World Library  
Flag as Inappropriate
Email this Article

Paschal trikirion


Paschal trikirion

Bishop holding a paschal trikirion
Russian Orthodox archpriest holding a paschal trikirionmduring a procession in Novosibirsk

The Paschal Trikirion (Greek: Τρικήριον) is a liturgical triple-candlestick used at Easter time in the Eastern Orthodox/Byzantine Catholic tradition.


  • Liturgical use 1
  • Styles 2
  • Deacon's candle 3
  • See also 4
  • References 5
  • External links 6

Liturgical use

The paschal trikirion is not mentioned in the liturgical books of the Orthodox Church; indeed, both the Pentecostarion[1] and the Typicon[2] dictate the celebrant carry a cross in his left hand when, in contemporary practice, the paschal trikirion[3] is also carried.

Eastern Orthodox bishop holding a paschal trikirion with two deacons (backs to camera) holding paschal deacon's candles.

The paschal trikirion is held by the serving priest (whether a bishop or a presbyter) in contrast to the bishop's trikirion which the bishop uses for blessing and is held or carried alongside the bishop. It is used from the commencement of the celebration of the Resurrection during the Paschal Vigil through the end of Bright Week, and also on the Apodosis of Pascha,[4] when it is used at sundry times, in particular, while chanting the paschal verses at the beginning of Vespers, Matins and the Divine Liturgy, while censing,[3] during the Little Entrance, and when giving the paschal greeting.


The paschal trikirion is fashioned in various styles in various regions. The Greek form of the paschal trikirion generally has a flat base allowing it to stand upright, and above this base is a vertical shaft terminating in three candleholders; sometimes this base has an icon of the Resurrection. The candleholders may be mounted at an angle so that the candles cross each other, as in a bishop's trikirion. Often the candles are tied together with ribbons at the point of intersection. Sometimes, among the Greeks, the priest simply holds a large single candle. Another form, more commonly seen in the Slavic churches, has the three candleholders attached to a large blessing crucifix with a vertical handle. This form cannot stand upright while the candles are lit. The candles may be white or each candle may be a different color and fresh flowers often decorate the candleholder.

The trikirion holds three candles, representing the Resurrection of Christ on the third day, and also representing the three persons of the Holy Trinity, all three of whom, according to Orthodox theology, were actively involved in the salvation of man.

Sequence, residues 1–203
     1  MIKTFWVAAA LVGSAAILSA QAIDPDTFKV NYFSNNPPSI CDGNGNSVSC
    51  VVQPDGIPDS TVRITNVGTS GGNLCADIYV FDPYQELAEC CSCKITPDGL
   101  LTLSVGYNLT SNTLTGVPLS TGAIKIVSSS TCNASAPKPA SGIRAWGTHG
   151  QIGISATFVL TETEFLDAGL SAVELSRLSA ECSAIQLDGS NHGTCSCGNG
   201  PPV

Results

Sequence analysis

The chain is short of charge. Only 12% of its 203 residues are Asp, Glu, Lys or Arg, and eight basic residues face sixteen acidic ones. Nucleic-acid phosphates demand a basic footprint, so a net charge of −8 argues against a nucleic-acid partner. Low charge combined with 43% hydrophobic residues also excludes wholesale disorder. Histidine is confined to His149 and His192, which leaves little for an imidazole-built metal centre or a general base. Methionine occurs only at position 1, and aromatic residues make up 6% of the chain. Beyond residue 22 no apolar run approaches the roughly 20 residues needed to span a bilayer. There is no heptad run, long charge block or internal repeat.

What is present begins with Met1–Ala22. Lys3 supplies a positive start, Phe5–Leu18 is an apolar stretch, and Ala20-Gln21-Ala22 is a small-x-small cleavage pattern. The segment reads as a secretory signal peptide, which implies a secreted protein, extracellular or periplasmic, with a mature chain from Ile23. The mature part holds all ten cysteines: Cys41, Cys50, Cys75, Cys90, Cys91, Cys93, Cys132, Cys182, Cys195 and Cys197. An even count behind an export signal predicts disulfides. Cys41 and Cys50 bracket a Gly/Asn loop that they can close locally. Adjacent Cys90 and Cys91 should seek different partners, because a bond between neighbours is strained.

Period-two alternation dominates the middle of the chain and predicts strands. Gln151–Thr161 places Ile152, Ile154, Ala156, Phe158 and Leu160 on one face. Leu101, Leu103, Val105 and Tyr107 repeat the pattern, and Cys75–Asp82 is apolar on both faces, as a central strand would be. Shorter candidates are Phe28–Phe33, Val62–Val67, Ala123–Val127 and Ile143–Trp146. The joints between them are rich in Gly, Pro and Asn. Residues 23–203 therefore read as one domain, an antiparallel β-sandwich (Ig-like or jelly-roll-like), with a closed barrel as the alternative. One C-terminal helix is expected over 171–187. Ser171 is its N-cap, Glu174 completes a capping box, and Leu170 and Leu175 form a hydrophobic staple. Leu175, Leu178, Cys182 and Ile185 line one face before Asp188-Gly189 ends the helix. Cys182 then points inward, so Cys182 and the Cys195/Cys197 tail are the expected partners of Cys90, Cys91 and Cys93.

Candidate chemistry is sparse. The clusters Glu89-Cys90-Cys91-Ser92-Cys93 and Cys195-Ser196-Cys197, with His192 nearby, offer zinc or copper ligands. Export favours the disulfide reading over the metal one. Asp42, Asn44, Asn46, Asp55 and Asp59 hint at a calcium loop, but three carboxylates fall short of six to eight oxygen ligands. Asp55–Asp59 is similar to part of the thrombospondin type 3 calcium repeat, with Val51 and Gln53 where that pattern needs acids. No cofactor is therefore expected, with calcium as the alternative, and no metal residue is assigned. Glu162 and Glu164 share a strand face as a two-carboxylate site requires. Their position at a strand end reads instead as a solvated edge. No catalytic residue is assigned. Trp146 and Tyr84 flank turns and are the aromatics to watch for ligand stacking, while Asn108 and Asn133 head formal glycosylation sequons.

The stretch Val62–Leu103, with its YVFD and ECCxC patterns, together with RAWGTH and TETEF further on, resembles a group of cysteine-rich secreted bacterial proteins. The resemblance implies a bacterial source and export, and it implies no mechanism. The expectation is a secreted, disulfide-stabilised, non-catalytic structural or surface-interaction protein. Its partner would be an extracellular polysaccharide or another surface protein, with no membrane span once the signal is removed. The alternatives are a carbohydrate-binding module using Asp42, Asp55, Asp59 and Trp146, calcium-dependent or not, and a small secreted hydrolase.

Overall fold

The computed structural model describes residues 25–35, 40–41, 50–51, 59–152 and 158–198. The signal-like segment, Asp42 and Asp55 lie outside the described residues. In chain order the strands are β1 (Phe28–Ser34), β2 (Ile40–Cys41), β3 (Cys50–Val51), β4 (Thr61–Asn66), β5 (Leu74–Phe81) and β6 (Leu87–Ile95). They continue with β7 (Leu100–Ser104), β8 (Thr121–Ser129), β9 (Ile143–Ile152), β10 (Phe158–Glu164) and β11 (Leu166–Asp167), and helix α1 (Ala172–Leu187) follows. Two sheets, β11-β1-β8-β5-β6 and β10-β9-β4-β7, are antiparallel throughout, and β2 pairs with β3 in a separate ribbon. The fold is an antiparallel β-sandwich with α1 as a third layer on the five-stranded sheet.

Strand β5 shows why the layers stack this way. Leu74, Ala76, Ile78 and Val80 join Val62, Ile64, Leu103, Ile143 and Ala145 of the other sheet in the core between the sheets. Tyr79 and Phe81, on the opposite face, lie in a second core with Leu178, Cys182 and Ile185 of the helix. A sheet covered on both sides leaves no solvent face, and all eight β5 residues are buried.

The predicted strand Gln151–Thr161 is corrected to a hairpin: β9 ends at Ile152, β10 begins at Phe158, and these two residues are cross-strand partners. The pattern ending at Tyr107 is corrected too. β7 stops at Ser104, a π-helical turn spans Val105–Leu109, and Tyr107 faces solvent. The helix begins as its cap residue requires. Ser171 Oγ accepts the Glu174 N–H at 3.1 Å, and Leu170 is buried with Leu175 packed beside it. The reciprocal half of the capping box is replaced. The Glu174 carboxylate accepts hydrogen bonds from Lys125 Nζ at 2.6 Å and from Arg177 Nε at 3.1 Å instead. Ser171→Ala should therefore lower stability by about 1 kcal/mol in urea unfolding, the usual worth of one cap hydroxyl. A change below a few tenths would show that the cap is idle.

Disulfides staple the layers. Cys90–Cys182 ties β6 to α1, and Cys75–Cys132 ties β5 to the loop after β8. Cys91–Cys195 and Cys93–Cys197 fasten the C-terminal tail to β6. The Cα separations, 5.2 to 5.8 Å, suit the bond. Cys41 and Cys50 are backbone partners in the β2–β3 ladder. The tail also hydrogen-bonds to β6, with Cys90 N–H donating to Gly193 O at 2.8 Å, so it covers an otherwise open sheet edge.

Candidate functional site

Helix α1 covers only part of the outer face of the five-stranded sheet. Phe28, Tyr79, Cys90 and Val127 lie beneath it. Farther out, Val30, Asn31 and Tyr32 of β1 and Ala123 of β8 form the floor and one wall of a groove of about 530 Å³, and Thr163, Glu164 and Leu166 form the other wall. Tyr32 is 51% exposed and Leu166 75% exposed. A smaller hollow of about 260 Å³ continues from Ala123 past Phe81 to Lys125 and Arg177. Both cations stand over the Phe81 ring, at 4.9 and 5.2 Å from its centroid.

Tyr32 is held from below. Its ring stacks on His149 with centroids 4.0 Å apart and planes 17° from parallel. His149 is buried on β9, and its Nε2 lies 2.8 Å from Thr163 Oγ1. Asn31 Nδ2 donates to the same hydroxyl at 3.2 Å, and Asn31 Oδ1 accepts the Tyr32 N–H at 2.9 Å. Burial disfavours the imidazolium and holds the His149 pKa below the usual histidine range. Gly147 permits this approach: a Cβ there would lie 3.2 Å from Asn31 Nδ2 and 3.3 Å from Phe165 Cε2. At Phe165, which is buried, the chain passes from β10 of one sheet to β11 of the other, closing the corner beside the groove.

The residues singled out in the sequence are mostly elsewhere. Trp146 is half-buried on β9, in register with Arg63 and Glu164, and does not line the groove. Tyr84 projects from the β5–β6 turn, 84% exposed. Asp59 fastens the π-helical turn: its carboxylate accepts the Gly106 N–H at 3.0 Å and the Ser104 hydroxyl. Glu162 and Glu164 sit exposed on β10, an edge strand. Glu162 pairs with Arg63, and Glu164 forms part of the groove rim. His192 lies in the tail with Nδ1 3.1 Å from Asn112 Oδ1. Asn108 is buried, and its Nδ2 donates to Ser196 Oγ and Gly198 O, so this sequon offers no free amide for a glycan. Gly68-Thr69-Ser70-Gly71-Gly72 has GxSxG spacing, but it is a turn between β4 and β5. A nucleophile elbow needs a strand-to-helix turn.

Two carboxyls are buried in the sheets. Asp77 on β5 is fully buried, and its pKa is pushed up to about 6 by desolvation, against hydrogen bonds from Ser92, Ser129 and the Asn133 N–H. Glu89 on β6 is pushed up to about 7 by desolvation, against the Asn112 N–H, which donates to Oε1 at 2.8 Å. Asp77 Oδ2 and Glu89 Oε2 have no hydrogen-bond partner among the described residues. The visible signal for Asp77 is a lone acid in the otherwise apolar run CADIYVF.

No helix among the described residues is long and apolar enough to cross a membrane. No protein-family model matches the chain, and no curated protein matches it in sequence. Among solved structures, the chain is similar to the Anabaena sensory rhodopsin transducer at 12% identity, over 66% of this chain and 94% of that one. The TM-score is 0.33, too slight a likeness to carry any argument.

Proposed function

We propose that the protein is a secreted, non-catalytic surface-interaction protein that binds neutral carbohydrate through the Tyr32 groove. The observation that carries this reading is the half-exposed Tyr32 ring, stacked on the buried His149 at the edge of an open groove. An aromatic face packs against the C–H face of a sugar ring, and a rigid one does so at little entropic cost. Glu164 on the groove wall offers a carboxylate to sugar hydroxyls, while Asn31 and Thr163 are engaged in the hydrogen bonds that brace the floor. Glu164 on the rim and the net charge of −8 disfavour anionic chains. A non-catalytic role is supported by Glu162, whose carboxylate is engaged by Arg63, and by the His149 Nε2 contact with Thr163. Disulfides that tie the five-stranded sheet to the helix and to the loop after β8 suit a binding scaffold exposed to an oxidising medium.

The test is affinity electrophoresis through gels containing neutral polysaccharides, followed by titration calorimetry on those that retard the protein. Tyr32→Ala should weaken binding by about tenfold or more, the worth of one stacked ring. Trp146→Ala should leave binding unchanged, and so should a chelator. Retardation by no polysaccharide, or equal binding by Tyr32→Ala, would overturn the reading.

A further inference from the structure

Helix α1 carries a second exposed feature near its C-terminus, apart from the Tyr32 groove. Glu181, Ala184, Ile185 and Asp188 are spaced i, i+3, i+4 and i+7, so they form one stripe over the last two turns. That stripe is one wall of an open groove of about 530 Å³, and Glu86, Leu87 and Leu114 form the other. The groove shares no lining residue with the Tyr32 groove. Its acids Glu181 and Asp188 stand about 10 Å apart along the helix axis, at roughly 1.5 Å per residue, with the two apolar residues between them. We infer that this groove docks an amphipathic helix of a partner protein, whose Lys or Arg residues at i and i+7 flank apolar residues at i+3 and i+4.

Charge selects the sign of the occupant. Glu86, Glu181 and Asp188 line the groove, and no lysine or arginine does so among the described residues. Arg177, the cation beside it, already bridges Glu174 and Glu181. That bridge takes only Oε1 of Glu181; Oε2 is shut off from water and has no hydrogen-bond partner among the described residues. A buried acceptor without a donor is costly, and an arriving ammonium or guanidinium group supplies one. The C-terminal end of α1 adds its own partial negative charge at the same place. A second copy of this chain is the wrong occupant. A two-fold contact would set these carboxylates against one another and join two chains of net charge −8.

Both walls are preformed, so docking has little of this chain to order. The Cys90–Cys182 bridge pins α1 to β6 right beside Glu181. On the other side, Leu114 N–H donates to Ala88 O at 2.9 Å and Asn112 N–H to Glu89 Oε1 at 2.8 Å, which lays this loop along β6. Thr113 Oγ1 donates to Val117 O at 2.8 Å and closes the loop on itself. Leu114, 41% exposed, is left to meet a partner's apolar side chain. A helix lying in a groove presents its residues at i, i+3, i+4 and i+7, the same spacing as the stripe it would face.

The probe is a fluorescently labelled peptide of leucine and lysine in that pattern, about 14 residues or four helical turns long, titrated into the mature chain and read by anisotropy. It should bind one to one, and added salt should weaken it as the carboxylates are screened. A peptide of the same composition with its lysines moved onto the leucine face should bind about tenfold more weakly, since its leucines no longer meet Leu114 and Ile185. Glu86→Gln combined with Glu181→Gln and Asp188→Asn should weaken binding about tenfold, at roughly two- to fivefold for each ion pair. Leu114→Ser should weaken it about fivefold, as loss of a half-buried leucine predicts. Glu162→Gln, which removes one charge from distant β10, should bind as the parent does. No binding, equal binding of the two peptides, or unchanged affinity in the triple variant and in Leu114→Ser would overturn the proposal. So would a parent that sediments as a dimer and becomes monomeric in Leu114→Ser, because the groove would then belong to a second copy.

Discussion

Deacon's candle

Russian Orthodox deacon holding a red paschal deacon's candle

As specified in the liturgical books the Pentecostarion[1] and the Typicon,[2] deacons also carry a candle throughout the paschal services. The deacon's candle is a single large candle which he carries in his left hand while reciting ektenias (litanies), while censing, and at other times when his hands are not otherwise occupied. It is also often decorated with fresh flowers. In the Slavic tradition, this candle may be red.

See also


  1. ^ a b [4] page 2, Цвѣтнаѧ Трїωдь (in Church Slavonic, the Pentecostarion)", Retrieved 2011-12-24
  2. ^ a b Типико́нъ сiесть уста́въ (Title here transliterated into Russian; actually in Church Slavonic) (The Typicon which is the Order), Москва (Moscow, Russian Empire): Синодальная типография (The Synodal Printing House), 1907, p. 458(reverse side) 
  3. ^ a b [5] "Archbishop Averky Liturgics — The Pascha of the Lord, or the Resurrection of Christ", Retrieved 2011-12-24
  4. ^ [6] "Archbishop Averky Liturgics — The Leave-taking of Pascha", Retrieved 2011-12-24

External links

  • paschal trikirionRussian Orthodox bishop carrying a (photo)
  • Deacons carrying Paschal candles (plus back-view of a paschal trikirion)
This article was sourced from Creative Commons Attribution-ShareAlike License; additional terms may apply. World Heritage Encyclopedia content is assembled from numerous content providers, Open Access Publishing, and in compliance with The Fair Access to Science and Technology Research Act (FASTR), Wikimedia Foundation, Inc., Public Library of Science, The Encyclopedia of Life, Open Book Publishers (OBP), PubMed, U.S. National Library of Medicine, National Center for Biotechnology Information, U.S. National Library of Medicine, National Institutes of Health (NIH), U.S. Department of Health & Human Services, and, which sources content from all federal, state, local, tribal, and territorial government publication portals (.gov, .mil, .edu). Funding for and content contributors is made possible from the U.S. Congress, E-Government Act of 2002.
Crowd sourced content that is contributed to World Heritage Encyclopedia is peer reviewed and edited by our editorial staff to ensure quality scholarly research articles.
By using this site, you agree to the Terms of Use and Privacy Policy. World Heritage Encyclopedia™ is a registered trademark of the World Public Library Association, a non-profit organization.

Copyright © World Library Foundation. All rights reserved. eBooks from Project Gutenberg are sponsored by the World Library Foundation,
a 501c(4) Member's Support Non-Profit Organization, and is NOT affiliated with any governmental agency or department.